Afrocentrist Clyde Winters Used My Translation of Manuscript 512 to "Discover" an Ancient Malian City in Brazil
Before we begin today, I want to point my readers to a fiery resignation letter that former Mutual UFO Network official James E. Clarkson published last weekend after discovering that New Age cult leader JZ Knight, who claims to be the mouthpiece for Ramtha of Lemuria, purchased a position as an “Inner Circle” member of MUFON, giving her a position of power and influence in the organization. Clarkson said that he refused to mortgage his integrity to a cult leader who channels an entity from the prehistoric continent of Lemuria. He added that he was disappointed that MUFON continued to deemphasize scientific investigation in favor of money-making entertainment: “It is hard to watch an organization that you once served proudly become an income-generating entertainment company.”
And now on to today’s topic.
My first thought was: Oh, good. Afrocentrist Clyde Winters knows who I am. In an article published yesterday on Ancient Origins, Winter cited me in discussing Manuscript 512, a controversial eighteenth-century Portuguese-language document describing the discovery of a Greco-Roman-style city in Brazil. Here is what Winters has to say about my translation of the manuscript and the attendant introductory note I placed before it:
Although Colavito believes that Manuscript 512 is historical fiction, the inscriptions can be read in the Vai script and may date back to Malian colonies that formerly existed in Brazil. Colavito is a sceptic of the possibility of reading Manuscript 512 because of Barry Fell’s attempt to translate the document using Ptolemaic Egyptian. This translation was unacceptable because the Brazilian signs do not resemble any signs from Egyptian script.
Winters concludes that the symbols reported in the manuscript are actually those of the Vai syllabary, a writing system invented in 1831, but which Winters incorrectly believes to be of prehistoric origin. Winters claims that the Manuscript 512 symbols are “identical” to Vai symbols. The problem with that is that these symbols are not identical. For example, the manuscript contains a symbol that shows a triangle topped by a cross. This is not a Vai symbol. Winters redraws both sets of symbols to emphasize similarities, though the redrawn versions of the Vai syllabary look different than the standard versions.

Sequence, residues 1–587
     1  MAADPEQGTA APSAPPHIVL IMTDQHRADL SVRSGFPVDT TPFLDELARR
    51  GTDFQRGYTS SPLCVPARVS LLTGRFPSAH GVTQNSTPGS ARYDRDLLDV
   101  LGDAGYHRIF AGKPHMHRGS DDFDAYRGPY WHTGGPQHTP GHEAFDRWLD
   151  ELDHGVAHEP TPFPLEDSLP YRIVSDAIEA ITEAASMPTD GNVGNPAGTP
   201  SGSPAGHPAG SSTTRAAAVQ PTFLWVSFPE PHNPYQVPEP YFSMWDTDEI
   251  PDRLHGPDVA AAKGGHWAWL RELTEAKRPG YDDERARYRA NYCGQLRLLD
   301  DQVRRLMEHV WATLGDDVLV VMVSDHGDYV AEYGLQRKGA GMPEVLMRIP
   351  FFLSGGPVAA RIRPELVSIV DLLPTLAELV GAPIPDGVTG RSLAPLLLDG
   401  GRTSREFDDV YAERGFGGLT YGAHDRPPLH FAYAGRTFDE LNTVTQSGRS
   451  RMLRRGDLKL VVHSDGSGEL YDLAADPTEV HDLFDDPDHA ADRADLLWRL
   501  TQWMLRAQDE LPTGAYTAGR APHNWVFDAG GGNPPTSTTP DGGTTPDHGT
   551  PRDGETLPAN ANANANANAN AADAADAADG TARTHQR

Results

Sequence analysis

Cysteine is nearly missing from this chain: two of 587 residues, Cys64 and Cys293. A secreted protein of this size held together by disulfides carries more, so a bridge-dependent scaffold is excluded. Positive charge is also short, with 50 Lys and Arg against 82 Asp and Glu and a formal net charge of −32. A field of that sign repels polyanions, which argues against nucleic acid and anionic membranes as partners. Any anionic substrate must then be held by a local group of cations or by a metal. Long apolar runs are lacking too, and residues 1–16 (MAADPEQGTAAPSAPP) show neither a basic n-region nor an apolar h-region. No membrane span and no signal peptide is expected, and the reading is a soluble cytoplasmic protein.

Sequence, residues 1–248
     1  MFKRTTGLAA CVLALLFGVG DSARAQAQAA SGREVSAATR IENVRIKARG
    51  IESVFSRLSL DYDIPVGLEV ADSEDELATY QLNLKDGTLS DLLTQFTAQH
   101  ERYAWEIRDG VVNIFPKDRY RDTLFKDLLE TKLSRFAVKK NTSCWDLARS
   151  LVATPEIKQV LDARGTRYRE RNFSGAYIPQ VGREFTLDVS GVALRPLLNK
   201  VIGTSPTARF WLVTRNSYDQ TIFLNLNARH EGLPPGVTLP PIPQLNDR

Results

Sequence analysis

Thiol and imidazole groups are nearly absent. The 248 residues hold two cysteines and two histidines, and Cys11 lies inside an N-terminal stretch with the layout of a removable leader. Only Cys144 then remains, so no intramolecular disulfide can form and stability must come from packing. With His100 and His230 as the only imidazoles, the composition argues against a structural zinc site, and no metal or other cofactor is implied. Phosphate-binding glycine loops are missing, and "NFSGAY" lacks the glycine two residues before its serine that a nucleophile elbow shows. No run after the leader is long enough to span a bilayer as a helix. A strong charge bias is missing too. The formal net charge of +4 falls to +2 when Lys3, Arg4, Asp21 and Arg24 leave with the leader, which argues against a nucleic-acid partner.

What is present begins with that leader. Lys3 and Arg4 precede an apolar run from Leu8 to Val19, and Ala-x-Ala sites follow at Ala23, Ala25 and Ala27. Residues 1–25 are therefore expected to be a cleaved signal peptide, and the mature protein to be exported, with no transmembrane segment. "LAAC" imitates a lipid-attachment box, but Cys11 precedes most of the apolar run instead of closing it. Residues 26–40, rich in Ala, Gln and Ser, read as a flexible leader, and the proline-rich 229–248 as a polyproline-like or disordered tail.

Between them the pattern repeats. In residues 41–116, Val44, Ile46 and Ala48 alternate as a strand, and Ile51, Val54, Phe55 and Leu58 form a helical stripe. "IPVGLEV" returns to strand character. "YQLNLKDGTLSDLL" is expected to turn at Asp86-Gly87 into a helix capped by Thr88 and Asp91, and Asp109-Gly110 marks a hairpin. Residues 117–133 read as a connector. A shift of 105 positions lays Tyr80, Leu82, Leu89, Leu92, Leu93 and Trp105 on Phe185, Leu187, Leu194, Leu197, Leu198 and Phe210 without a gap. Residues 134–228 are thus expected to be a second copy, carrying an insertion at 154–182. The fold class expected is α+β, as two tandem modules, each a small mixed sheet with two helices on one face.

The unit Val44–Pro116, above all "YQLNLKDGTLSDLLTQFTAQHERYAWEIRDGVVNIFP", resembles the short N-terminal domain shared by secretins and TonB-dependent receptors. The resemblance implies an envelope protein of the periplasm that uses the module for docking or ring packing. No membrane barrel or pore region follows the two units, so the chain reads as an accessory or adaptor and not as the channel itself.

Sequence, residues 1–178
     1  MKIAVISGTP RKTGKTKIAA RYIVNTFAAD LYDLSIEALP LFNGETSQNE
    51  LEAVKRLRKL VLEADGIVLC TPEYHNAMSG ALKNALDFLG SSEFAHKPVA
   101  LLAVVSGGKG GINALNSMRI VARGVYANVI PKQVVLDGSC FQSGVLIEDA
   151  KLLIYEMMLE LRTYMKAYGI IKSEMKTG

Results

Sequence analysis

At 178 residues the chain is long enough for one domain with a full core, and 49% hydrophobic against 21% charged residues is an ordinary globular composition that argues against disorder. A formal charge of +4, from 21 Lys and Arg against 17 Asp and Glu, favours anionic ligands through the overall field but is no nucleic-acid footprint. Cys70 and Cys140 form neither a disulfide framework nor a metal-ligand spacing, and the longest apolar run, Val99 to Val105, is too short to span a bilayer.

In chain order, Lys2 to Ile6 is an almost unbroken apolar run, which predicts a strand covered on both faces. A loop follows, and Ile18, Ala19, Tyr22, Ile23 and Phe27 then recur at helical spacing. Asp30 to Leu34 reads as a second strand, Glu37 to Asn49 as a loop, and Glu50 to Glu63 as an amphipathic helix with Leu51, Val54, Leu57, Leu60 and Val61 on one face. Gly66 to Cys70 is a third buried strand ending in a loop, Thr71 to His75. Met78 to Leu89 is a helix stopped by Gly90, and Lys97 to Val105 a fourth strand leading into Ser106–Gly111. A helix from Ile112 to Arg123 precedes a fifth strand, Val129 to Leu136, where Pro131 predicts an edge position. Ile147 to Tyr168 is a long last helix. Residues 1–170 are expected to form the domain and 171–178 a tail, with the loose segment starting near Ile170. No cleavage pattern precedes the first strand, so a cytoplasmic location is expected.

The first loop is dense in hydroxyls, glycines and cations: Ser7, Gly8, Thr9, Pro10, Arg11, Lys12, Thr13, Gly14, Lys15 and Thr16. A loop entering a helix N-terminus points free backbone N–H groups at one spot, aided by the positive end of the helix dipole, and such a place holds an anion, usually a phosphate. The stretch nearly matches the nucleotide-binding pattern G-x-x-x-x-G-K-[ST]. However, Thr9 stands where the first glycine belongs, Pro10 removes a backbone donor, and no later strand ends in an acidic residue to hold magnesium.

I suppose I should be flattered that Winters chose to use my translation to “discover” evidence of a lost Malian city in Brazil, but since I know the limitations of my own work, it also makes it painfully apparent that Winters hasn’t done much with the original Portuguese. Case in point: In comparing the symbols from the manuscript to the Vai syllabary, he appears to be using the set of symbols I gave on my website. Here is where a limitation comes into play. Those symbols I took from Wilkins, and they are tidied up and redrawn from the Portuguese manuscript. The manuscript version, though, differs in minor but important respects. I had no energy to hand draw all of them anew. When the original manuscript symbols are compared to the published version and then to Winters’s redrawn version, the compounding errors become quite apparent. An example is below, but the quality is not terribly good since there are few high-quality images available to work with:
It is no wonder, then, that I don’t trust Winters to “translate” the “Vai” inscriptions. His version is absurd, yet another example of the iron rule that mysterious symbols are carved only by illiterate explorers who somehow manage to be ignorant of their own language. Consider this “translation” of the series of symbols that the manuscript pretends were carved above the portico of a large building: “The favorable subject (of the cult) at present in the sepulcher, he Kafe pe (in an) unblemished place the priest of the cult makes Good, this place.” There’s an ungrammatical mouthful.
From such translations, Winters makes the following conclusion: “It appears that the principal mausoleum was that of a Governor or King called Kafe. The inscriptions make it clear that the city was a principal city of the Malians - where citizens could make libations - and that the caves in the vicinity were used as tombs by the ruling elites.”
The problem is that to accept Winters’s claims is to believe an absurdity: that the Malians came to Brazil to build a massive stone city of arches and statuary and carved stones and basalt columns and yet neglected to give themselves such luxuries in their mud-brick homeland. Why would a far-off colony hold a monumental imperial capital, while major cities like Timbuktu in the homeland languished as what one nineteenth century French explored called “a mass of ill-looking houses built of earth.”
The more parsimonious answer is that Manuscript 512 is a fantasy, a piece of fiction drawing on Classical antecedents and forms to craft a piece of fiction.
I am an author and researcher focusing on pop culture, science, and history. Bylines: New Republic, Esquire, Slate, etc. There's more about me in the About Jason tab.
Enter your email below to subscribe to my newsletter, The Skeptical Xenoarchaeologist, for updates on my latest projects, blog posts, and activities, and subscribe to Culture & Curiosities, my Substack newsletter.
Terms & Conditions
Please read all applicable terms and conditions before posting a comment on this blog. Posting a comment constitutes your agreement to abide by the terms and conditions linked herein.